100 books like The Best of Dan Turner, Hollywood Detective

By Jerry L. Schneider,

Here are 100 books that The Best of Dan Turner, Hollywood Detective fans have personally recommended if you like The Best of Dan Turner, Hollywood Detective. Shepherd is a community of 10,000+ authors and super readers sharing their favorite books with the world.

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Book cover of The Big Sleep

Charles Ardai Author Of Death Comes Too Late

From my list on hardboiled crime novels that will move you to tears.

Why am I passionate about this?

I created Hard Case Crime 20 years ago to revive the look, feel, and storytelling style of the great paperback crime novels of the 1940s and 50s: slender, high-velocity tales with irresistible premises, crackling dialogue, and powerful emotions, all presented behind gorgeous painted covers in the classic pulp style. Since then, I’ve had the opportunity to publish Stephen King, Joyce Carol Oates, Ray Bradbury, James M. Cain, Erle Stanley Gardner, Mickey Spillane, Brian De Palma, Ed McBain, and many more extraordinary authors.

Charles' book list on hardboiled crime novels that will move you to tears

Charles Ardai Why did Charles love this book?

The first novel about legendary private eye Phillip Marlowe is also the first mystery novel that ever made me cry when I turned the last page.

Marlowe’s poetic narration and bruised outsider’s voice offer a cynical but also strangely hopeful perspective on both the shady underworld types and the corrupt high-society folk who fill the “mean streets” down which Marlowe must walk (in Chandler’s much-quoted phrase).

Why hopeful when death–the big sleep–awaits us all? Because a man of principles like Marlowe can still bring a measure of justice in this unjust world, sometimes just by bearing witness.

By Raymond Chandler,

Why should I read it?

18 authors picked The Big Sleep as one of their favorite books, and they share why you should read it.

What is this book about?

Raymond Chandler's first three novels, published here in one volume, established his reputation as an unsurpassed master of hard-boiled detective fiction.

The Big Sleep, Chandler's first novel, introduces Philip Marlowe, a private detective inhabiting the seamy side of Los Angeles in the 1930s, as he takes on a case involving a paralysed California millionaire, two psychotic daughters, blackmail and murder.

In Farewell, My Lovely, Marlowe deals with the gambling circuit, a murder he stumbles upon, and three very beautiful but potentially deadly women.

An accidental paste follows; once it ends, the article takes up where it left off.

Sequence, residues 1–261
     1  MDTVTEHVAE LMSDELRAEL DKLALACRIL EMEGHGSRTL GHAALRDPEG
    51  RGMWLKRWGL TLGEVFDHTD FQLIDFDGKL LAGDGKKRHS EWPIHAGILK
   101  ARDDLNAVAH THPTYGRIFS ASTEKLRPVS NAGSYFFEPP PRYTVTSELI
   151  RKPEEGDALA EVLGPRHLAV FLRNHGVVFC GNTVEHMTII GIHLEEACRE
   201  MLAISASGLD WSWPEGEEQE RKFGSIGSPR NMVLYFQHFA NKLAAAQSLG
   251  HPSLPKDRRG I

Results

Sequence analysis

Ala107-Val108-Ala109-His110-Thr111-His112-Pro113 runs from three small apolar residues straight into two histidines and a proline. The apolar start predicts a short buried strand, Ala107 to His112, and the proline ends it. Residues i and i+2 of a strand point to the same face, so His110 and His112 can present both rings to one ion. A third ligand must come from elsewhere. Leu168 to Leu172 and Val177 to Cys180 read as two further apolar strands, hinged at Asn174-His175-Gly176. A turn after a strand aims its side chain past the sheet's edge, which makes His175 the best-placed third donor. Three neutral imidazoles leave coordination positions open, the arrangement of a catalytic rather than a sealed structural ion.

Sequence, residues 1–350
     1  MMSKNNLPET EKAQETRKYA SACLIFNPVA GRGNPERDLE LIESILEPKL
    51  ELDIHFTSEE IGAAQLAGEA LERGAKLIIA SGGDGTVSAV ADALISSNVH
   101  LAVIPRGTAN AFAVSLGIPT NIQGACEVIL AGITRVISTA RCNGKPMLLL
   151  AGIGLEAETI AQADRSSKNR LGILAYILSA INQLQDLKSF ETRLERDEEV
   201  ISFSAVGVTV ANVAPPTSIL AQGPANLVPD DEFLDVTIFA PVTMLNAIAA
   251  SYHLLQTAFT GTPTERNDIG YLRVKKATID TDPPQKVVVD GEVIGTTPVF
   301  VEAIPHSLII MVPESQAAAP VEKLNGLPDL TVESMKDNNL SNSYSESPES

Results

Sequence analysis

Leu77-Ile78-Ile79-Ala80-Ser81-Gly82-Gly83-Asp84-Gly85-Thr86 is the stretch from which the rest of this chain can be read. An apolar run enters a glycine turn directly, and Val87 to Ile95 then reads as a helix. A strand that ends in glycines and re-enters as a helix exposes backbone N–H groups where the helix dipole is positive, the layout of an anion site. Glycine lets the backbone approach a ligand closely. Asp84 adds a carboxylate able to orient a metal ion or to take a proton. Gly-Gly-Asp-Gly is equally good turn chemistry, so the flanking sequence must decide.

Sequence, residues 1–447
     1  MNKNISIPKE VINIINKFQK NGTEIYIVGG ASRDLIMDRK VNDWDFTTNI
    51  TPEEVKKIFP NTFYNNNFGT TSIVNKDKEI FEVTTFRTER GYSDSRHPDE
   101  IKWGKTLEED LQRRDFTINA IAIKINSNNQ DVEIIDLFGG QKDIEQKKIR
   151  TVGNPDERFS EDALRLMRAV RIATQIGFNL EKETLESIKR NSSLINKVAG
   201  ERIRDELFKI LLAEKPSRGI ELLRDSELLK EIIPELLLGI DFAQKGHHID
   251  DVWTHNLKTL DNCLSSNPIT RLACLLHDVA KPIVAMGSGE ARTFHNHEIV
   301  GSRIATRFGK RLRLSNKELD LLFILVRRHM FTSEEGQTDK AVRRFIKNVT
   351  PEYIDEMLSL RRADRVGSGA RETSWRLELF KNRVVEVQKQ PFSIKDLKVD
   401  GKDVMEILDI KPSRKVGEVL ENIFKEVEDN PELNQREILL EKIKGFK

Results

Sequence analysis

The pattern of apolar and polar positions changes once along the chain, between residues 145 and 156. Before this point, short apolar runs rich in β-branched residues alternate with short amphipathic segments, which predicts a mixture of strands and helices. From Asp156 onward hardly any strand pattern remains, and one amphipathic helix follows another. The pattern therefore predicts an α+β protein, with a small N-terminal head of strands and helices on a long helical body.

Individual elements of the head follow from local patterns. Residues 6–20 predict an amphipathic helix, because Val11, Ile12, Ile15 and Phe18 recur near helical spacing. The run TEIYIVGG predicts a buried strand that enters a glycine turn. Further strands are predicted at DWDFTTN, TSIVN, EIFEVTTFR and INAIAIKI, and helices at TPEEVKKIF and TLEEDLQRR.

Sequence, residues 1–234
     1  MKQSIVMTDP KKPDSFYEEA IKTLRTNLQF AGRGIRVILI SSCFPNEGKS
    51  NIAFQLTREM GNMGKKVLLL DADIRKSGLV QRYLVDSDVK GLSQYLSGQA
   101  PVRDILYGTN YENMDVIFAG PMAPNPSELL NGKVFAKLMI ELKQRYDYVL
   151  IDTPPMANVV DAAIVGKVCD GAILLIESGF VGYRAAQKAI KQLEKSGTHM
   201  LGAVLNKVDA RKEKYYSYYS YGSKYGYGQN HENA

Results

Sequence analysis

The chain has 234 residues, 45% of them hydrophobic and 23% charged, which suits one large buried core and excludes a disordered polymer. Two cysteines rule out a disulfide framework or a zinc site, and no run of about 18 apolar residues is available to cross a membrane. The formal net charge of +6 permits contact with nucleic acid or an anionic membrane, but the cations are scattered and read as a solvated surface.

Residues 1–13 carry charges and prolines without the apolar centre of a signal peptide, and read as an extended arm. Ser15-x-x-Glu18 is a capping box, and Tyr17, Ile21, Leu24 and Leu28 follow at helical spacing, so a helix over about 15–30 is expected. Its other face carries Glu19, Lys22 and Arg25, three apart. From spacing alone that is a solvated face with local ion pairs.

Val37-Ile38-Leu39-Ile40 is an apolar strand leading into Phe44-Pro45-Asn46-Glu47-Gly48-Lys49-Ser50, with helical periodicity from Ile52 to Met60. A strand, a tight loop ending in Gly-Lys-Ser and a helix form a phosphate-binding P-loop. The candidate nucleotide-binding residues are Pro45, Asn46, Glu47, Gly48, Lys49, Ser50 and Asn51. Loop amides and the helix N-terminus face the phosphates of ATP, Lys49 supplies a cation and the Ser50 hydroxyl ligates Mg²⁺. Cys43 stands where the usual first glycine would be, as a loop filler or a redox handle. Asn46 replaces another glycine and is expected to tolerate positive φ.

In The High Window, Marlowe searches the California underworld for a priceless gold coin and finds himself…


Book cover of The Best American Noir of the Century

G.E. Nordell Author Of Backlot Requiem: A Rick Walker Mystery

From my list on hardboiled noir detective mystery stories.

Why am I passionate about this?

Among other things, I'm an existentialist. A well-constructed mystery novel is an existential puzzle given to the reader to solve at his/her leisure, and the noir sub-genre has the further subtext that the protagonistand the reader—are doomed in some way even if the solution is nailed. Romance novels are drivel and have no basis in reality, but noir and other types of mystery fiction reflect the way that the world works: you may solve this puzzle problem, but then you are left to a vast world that is rife with puzzles but without a coherent plot. The detective trudges on, achieves a kind of satisfaction, and then is thrust into the next crisis.

G.E.'s book list on hardboiled noir detective mystery stories

G.E. Nordell Why did G.E. love this book?

A treasure trove of noir short fiction, an impressive anthology of  American greed, crime, and comeuppance by some of the genre’s greatest authors including Mickey Spillane, Evan Hunter, Elmore Leonard, Patricia Highsmith, Joyce Carol Oates, Dennis Lehane, Cornell Woolrich, and editor Ellroy. The 39 selected stories are a feast of excellence, a wide-ranging buffet of tasty tales from 1923 to 2007makes me drool just thinking about a re-read.

By James Ellroy (editor), Otto Penzler (editor),

Why should I read it?

1 author picked The Best American Noir of the Century as one of their favorite books, and they share why you should read it.

What is this book about?

A magisterial anthology of American noir writing in the 20th century by the best-selling author of the LA Quartet: The Black Dahlia. The Big Nowhere , LA Confidential and White Jazz. In his intoduction to The Best American Noir of the Century, James Ellroy writes, "noir is the most scrutinised offshoot of the hard-boiled school of fiction. It's the long drop off the short pier and the wrong man and the wrong woman in perfect misalliance. It's the nightmare of flawed souls with big dreams and the precise how and why of the all-time sure thing that goes bad." Offering…